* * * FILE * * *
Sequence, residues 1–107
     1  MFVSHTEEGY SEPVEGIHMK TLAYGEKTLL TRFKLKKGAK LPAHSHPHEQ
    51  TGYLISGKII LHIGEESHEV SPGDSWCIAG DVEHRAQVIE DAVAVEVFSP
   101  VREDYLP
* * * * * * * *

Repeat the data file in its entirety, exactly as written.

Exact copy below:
Sequence, residues 1–107
     1  MFVSHTEEGY SEPVEGIHMK TLAYGEKTLL TRFKLKKGAK LPAHSHPHEQ
    51  TGYLISGKII LHIGEESHEV SPGDSWCIAG DVEHRAQVIE DAVAVEVFSP
   101  VREDYLP